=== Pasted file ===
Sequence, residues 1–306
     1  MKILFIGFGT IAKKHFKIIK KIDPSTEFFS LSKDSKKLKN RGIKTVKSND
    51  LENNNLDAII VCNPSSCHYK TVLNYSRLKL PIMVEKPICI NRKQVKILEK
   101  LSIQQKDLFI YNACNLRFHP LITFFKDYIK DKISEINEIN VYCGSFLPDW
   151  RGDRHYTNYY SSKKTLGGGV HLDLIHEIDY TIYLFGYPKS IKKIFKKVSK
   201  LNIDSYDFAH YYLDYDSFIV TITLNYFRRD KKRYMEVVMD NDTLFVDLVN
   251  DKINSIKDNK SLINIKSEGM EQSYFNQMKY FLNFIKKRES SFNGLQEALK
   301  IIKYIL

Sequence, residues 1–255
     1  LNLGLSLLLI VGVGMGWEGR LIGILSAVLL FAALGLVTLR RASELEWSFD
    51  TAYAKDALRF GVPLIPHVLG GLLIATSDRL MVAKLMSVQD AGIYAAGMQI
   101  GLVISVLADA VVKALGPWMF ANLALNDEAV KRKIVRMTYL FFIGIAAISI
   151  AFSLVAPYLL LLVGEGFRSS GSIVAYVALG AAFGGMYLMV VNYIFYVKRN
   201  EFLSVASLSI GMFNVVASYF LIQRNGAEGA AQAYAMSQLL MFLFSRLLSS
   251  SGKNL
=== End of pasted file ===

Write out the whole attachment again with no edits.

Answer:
Sequence, residues 1–306
     1  MKILFIGFGT IAKKHFKIIK KIDPSTEFFS LSKDSKKLKN RGIKTVKSND
    51  LENNNLDAII VCNPSSCHYK TVLNYSRLKL PIMVEKPICI NRKQVKILEK
   101  LSIQQKDLFI YNACNLRFHP LITFFKDYIK DKISEINEIN VYCGSFLPDW
   151  RGDRHYTNYY SSKKTLGGGV HLDLIHEIDY TIYLFGYPKS IKKIFKKVSK
   201  LNIDSYDFAH YYLDYDSFIV TITLNYFRRD KKRYMEVVMD NDTLFVDLVN
   251  DKINSIKDNK SLINIKSEGM EQSYFNQMKY FLNFIKKRES SFNGLQEALK
   301  IIKYIL

Sequence, residues 1–255
     1  LNLGLSLLLI VGVGMGWEGR LIGILSAVLL FAALGLVTLR RASELEWSFD
    51  TAYAKDALRF GVPLIPHVLG GLLIATSDRL MVAKLMSVQD AGIYAAGMQI
   101  GLVISVLADA VVKALGPWMF ANLALNDEAV KRKIVRMTYL FFIGIAAISI
   151  AFSLVAPYLL LLVGEGFRSS GSIVAYVALG AAFGGMYLMV VNYIFYVKRN
   201  EFLSVASLSI GMFNVVASYF LIQRNGAEGA AQAYAMSQLL MFLFSRLLSS
   251  SGKNL